Being in an alternative rock band can be a challenge, especially if you live in Saudi Arabia.
Grindcore act Creative Waste are keeping under the radar
The desert winds are not the only thing coming from our Saudi Arabian neighbours. The Eastern Province grindcore trio Creative Waste plan to bring their blistering sounds to Dubai this Friday. The vocalist Fawaz Al Shawaf talks about playing loud music while keeping it low-key at home.
So what is grindcore exactly?
One of the more abrasive music genres. First surfacing in England in the mid 1980s, the grindcore sound is characterised by down-tuned guitars, high-tempo drumming and vocals ranging from incoherent growls to shrieks. "Basically it is an evolution of punk," Al Shawaf says. "When we started, we didn't sound anything like we do right now. We didn't know what we were going to do but the goal has always been pursuing the most aggressive and energetic sound possible."
Are there similar bands in Saudi Arabia?
The kingdom has a tightly knit metal and punk scene. Al Shawaf says he can literally count the number of bands operating in the Eastern Province on his fingers. "One of them is Sound of Ruby and there was a band called Inversion," he says. "There are also other bands in Riyadh such as Crimson which is disbanded now. But by late 2005, bands started popping up in Jeddah. We know almost everyone."
Al Shawaf's brother Talal is the drummer. What did the parents think of their two boys making such a racket?
"My dad thought it was just a phase and that we would get tired of our instruments," Al Shawaf laughs. "It was a big gamble on my dad's part because a drum-set is not exactly cheap. They don't listen to our music but they are supportive."
Is it tough to perform without the authorities taking notice?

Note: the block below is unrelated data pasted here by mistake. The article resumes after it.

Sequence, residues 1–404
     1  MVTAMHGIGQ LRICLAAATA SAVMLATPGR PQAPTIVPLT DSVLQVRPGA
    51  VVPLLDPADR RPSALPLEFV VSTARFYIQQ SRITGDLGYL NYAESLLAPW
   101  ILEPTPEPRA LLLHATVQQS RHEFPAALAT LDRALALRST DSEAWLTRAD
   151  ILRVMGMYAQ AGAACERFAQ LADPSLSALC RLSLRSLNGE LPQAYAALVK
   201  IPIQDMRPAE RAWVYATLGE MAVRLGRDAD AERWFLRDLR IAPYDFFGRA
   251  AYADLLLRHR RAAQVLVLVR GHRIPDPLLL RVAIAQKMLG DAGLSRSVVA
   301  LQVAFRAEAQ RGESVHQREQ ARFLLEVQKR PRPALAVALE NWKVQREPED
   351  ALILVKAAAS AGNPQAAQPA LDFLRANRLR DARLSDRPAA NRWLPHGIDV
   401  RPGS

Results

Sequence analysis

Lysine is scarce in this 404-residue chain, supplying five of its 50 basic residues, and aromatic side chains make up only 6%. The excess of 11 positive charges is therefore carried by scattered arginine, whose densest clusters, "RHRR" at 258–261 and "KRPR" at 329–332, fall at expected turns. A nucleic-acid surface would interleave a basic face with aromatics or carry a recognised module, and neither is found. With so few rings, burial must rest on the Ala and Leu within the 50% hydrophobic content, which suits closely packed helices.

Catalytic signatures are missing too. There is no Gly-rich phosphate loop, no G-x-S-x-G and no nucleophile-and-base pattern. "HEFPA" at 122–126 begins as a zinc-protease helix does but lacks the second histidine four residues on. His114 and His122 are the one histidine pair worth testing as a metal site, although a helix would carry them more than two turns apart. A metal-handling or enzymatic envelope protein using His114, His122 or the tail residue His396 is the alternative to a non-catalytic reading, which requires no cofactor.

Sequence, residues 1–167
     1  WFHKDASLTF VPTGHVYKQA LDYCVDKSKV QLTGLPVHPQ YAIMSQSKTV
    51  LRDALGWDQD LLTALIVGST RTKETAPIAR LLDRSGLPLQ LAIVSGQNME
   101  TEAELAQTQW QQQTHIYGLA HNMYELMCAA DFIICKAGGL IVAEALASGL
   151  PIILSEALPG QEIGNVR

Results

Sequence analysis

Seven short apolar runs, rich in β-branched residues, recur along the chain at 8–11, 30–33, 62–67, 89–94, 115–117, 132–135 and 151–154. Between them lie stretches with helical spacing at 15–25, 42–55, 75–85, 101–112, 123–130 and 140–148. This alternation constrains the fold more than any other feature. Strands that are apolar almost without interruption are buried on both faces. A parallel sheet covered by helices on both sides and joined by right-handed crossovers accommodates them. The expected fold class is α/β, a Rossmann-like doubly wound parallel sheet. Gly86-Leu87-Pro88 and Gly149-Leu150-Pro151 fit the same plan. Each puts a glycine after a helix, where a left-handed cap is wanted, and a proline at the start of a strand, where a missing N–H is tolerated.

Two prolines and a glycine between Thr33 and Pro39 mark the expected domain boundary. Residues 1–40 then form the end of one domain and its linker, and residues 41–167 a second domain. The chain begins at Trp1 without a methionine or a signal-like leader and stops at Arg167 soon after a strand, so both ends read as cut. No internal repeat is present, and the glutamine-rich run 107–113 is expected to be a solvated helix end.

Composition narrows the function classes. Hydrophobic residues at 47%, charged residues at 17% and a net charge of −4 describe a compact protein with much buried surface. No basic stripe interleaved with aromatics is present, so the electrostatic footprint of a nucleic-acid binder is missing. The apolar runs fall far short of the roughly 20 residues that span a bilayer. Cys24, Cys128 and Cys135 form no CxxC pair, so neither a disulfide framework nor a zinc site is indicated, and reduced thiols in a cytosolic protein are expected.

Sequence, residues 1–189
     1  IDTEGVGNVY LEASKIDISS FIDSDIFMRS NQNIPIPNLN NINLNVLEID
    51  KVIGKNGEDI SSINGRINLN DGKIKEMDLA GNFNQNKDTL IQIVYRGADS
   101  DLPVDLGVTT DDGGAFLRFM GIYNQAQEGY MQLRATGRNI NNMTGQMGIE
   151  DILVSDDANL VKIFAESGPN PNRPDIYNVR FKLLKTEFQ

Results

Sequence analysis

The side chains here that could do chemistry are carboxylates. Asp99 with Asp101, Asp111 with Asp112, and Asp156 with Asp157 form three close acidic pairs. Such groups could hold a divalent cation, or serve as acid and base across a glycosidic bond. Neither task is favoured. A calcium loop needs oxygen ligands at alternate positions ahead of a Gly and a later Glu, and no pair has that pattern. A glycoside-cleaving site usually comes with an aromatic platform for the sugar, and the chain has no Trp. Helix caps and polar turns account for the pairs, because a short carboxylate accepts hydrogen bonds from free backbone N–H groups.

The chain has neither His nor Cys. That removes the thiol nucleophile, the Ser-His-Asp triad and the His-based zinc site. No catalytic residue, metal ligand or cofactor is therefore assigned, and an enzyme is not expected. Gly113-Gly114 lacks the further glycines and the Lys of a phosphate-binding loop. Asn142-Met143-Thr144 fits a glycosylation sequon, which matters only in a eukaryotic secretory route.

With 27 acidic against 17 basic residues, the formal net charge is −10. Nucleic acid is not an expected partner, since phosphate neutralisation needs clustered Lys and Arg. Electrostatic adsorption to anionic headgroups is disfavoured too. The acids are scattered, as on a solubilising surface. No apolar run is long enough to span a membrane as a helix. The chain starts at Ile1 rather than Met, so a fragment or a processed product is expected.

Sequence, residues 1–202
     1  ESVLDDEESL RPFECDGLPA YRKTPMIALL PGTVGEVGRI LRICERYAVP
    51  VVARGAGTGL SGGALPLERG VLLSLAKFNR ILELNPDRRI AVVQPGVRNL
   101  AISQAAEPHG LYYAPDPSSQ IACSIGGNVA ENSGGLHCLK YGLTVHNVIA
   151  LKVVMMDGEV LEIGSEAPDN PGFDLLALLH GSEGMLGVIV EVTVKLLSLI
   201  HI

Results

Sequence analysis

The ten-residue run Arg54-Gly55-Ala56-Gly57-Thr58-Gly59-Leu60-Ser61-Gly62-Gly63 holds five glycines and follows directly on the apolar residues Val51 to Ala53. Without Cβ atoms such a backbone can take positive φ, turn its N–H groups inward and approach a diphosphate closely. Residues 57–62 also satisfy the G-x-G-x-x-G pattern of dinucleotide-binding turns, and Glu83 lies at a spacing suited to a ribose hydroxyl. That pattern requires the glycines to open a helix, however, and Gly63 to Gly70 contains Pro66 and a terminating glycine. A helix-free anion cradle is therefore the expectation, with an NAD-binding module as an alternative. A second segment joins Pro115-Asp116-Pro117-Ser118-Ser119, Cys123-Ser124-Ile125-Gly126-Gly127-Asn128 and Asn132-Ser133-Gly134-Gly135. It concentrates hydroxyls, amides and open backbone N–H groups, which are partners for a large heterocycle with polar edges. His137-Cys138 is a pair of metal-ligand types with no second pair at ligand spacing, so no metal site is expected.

Since the early 2000s, the illegal music scene was operating smoothly. However, a massive crackdown on shows between 2008 and 2009 nearly crippled the community. Al Shawaf blames greedy bands and promoters for bringing unwanted attention to the scene. "They started organising shows for themselves with no regard to the limitations," he says. "They asked for a lot of money with tickets prices so expensive that you wouldn't even pay if it was a festival. They shot themselves in the foot and we were the ones that paid for it."
So what is the best way to organise a successful grindcore concert in Saudi Arabia?
Keep it a low-profile and a strictly who-you-know affair. "At this point, you have to keep it within your circle of friends and networks," Al Shawaf says. "Keep it on the down-low and do it only for the music … no alcohol, females or anything like that."
The group has just released its debut album, Slaves to Conformity. Considering the restrictions at home, how was it recorded?
It was complicated. The drum parts were recorded in America where Talal was studying at the time. The guitar and bass were laid down in Al Shawaf's bedroom in Saudi Arabia. However, with his room not sealed enough to withstand his shrieking vocals, Al Shawaf travelled to Bahrain to record them at a friend's studio.
What is it with metal bands and their gloomy names? Creative Waste doesn't inspire a fun night out.
It's not all doom and gloom. Al Shawaf says grindcore songs often hold empowering messages amid the fury. "If you look at some of the tragedies in the world, for example Palestine, what would be more suitable in expressing their pain?" Al Shawaf says. "Would you play a Britney Spears song on top of that or a sound resembling buildings exploding?"
So it's fair to guess that Hit Me Baby One More Time won't be played by the lads anytime soon?
Never say never, Al Shawaf states. "Maybe I will sing it, but it would be with another band."
Creative Waste will play alongside the US band Hate Eternal on Friday at Ratsky 3, Holiday Inn Hotel Bur Dubai, Al Hamriya - Khaleed Bin Waleed, 20th Street, 7pm. For bookings email aar@spellbind records.com. Creative Waste's website is creativewaste.bandcamp.com